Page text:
Martin Amis' Holocaust Novel Struggles To Find Publishing Solution

Martin Amis' Holocaust Novel Struggles To Find Publishing Solution

When you tell people that a new novel, a dark comedy set in a fictional Auschwitz, had trouble finding a publisher, it's unlikely a lot of eyebrows will raise in surprise.

However, when you find out that the book in question is by the much-lauded Martin Amis and that the novel has been hailed as Amis' "best book in 25 years" by critics, it's hard to keep those surprised expressions in check.

Despite the book's pedigree and praise, Amis' regular German and French publisher passed on The Zone of Interestwhich will be published in English by Random House at the end of September 2014.

And while many critics have used the word "comedy" to describe the novel, Amis' new French publisher would like to clear the air. Amis' editor, with Calmann-Lévy, his new French publisher, explains the simple reasons they picked up the book:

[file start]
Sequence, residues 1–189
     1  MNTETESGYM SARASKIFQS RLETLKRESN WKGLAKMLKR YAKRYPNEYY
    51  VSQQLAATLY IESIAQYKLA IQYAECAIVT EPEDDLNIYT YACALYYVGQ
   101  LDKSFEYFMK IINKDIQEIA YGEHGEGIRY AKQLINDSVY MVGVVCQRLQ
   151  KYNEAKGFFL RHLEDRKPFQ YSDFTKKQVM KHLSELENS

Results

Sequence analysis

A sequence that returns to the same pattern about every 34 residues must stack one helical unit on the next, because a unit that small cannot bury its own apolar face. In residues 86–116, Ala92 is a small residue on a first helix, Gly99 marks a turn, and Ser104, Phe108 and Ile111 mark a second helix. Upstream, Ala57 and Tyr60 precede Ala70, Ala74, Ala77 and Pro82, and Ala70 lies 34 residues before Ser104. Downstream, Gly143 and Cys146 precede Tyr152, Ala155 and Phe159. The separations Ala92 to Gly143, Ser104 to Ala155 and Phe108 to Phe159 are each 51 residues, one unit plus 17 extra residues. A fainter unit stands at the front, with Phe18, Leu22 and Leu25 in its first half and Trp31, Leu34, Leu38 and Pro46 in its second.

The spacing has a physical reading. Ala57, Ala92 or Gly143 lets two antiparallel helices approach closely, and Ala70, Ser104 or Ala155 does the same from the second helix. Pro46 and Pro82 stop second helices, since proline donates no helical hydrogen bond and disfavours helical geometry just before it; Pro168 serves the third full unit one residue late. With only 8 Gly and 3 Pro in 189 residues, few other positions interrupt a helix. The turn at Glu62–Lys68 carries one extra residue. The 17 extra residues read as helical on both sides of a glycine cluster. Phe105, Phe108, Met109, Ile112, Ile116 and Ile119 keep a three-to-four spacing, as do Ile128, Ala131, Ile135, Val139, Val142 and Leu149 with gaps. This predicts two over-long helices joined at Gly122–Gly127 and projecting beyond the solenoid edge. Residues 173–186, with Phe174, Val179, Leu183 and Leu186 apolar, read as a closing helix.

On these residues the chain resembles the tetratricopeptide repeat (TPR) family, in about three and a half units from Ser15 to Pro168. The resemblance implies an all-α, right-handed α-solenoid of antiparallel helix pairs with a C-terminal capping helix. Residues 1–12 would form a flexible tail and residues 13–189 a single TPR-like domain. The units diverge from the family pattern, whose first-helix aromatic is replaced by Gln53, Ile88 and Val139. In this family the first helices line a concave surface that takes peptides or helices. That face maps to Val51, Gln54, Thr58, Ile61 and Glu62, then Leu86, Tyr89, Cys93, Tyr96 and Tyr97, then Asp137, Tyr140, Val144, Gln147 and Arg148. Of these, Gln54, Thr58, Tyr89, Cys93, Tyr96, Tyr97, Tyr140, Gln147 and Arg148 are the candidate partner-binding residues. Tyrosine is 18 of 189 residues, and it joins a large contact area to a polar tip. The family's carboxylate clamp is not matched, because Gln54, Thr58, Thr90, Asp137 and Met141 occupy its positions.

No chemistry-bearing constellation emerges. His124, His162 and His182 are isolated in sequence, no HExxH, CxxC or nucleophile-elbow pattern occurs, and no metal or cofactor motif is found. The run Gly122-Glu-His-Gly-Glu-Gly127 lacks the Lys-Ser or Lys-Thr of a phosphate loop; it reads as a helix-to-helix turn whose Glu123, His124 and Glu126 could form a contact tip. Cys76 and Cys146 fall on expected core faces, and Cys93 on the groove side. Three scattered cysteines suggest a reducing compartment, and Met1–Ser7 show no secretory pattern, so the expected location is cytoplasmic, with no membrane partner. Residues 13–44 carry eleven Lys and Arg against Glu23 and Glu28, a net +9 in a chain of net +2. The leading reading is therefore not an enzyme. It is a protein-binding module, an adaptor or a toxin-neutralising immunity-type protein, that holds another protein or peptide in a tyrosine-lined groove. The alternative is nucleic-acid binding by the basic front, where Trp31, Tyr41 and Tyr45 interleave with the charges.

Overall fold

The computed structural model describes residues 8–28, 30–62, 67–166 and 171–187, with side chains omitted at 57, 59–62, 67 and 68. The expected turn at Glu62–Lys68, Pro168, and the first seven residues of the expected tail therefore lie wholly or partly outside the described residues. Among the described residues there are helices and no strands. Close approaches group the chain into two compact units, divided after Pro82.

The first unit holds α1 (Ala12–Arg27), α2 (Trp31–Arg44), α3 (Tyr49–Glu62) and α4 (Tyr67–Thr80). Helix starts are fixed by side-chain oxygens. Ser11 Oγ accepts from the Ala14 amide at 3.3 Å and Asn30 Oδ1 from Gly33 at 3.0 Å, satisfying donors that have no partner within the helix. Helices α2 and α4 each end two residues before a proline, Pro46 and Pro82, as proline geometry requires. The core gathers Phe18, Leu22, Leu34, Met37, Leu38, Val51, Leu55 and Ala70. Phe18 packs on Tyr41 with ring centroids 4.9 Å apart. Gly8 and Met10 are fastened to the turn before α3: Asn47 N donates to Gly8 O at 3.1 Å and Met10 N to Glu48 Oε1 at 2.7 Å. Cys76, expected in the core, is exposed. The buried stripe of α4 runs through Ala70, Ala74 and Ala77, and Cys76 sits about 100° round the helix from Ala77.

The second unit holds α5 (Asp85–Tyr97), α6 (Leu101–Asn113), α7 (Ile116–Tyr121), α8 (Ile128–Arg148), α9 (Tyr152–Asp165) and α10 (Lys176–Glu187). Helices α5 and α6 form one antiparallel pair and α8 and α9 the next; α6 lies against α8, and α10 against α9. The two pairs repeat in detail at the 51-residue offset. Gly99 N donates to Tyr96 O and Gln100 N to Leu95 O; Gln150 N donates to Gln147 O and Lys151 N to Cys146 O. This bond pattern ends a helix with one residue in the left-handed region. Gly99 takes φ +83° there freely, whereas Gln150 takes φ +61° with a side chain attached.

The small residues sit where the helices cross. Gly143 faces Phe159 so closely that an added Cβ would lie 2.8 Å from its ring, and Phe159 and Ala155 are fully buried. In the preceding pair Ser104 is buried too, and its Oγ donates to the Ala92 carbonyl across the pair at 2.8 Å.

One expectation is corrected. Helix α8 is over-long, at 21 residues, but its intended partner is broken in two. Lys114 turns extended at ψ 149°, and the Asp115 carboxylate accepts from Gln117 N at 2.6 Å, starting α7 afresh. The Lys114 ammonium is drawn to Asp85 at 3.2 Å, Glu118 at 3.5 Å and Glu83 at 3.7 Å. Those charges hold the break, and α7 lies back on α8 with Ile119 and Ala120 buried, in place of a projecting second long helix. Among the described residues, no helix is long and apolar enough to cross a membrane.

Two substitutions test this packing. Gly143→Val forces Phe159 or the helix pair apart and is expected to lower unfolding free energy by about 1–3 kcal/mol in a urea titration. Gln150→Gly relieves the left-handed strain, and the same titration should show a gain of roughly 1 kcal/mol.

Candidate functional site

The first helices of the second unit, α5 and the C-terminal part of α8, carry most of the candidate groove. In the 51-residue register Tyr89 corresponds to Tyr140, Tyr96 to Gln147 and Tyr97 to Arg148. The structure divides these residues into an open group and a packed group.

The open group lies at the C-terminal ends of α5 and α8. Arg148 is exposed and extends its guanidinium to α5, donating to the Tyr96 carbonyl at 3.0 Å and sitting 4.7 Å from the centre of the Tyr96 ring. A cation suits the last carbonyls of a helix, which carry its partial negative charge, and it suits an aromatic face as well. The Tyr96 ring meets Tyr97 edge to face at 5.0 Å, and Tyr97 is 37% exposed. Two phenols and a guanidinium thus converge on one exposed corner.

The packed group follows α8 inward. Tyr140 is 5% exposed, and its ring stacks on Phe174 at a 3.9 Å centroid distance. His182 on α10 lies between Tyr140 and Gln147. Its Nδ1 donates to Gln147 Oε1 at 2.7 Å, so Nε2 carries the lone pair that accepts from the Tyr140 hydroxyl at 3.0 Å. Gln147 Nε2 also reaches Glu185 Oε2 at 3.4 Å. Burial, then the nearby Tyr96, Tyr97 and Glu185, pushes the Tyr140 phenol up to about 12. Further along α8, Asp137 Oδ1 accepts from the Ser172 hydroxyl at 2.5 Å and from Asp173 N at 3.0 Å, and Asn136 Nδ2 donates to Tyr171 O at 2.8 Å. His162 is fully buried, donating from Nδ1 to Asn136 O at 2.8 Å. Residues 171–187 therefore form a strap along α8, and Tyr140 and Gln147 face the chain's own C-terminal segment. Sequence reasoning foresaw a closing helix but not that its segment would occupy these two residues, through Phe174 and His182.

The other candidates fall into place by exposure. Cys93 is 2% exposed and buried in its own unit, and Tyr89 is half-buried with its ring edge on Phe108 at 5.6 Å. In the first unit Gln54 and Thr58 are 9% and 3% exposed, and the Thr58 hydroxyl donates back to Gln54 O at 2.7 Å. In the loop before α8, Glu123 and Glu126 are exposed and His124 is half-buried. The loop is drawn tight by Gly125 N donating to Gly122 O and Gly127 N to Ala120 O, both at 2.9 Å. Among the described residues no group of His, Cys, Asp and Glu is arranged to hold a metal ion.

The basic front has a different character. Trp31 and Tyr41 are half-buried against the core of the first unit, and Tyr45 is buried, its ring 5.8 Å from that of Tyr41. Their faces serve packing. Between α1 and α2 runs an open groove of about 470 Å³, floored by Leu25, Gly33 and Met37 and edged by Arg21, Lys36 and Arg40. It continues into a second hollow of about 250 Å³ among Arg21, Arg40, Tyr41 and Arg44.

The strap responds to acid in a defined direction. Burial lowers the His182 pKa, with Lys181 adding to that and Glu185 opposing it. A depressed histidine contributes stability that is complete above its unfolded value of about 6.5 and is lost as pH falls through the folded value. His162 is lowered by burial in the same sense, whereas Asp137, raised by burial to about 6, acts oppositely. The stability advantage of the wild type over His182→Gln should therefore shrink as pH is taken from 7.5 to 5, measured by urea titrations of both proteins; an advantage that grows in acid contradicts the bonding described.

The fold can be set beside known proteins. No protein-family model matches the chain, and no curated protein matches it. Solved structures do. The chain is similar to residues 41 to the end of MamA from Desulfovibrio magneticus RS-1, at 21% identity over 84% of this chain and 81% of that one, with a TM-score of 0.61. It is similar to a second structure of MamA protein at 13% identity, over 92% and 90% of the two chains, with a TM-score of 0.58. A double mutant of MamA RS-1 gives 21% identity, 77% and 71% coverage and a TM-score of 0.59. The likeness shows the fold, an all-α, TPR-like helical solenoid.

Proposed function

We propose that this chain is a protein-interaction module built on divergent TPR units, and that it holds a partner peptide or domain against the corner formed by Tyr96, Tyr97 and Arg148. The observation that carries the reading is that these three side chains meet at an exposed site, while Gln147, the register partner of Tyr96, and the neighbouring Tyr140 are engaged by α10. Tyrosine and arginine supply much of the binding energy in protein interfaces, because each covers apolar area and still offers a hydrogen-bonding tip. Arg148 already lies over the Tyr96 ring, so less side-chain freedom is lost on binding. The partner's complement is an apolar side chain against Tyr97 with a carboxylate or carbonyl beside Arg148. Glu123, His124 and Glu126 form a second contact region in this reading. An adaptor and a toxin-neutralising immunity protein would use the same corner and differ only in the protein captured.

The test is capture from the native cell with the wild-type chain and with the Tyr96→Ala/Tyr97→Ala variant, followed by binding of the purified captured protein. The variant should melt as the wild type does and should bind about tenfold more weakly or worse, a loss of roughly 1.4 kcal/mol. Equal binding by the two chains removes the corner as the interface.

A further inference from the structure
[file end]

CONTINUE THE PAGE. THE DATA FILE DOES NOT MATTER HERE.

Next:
...it's a good book, and there's nothing like it. And it's not a comedy.

Amis himself feels that the subject matter of his new book may not have been the real reason it wasn't picked up. As for his previous French publisher, Gaillamard, there was a change in editorial direction. As for his German publisher, Amis felt there was a fundamental misunderstanding of one of the book's characters, but it's also noted that Amis has not been a high-performing author in Germany.

It's not the first time for Amis to be seen as a controversial figure. From a 1990 New York Times profile:

Martin Amis is probably fiction's angriest writer. In Britain, with its long and decorous literary tradition, his voice stands out discordantly from the rest like a boom box at a harpsichord recital. His urban satires have provoked extreme reactions in Britain...For many critics, Amis's comic talent is unrivaled, but for others, mostly older and conservative readers, he is a malevolent harpie, with morbid, vaguely unpatriotic interests.

War and its results have often been the source of some of literature's most-lauded dark comedies. Titles including Slaughterhouse V, Catch-22, and more recently Billy Lynn's Long Half-Time Walk all look at various aspects of war and tragedy and have been interpreted as comedic.

The question of the day is, are these sorts of books funny? Or is the subject matter so challenging that we haven't found the right terms yet?

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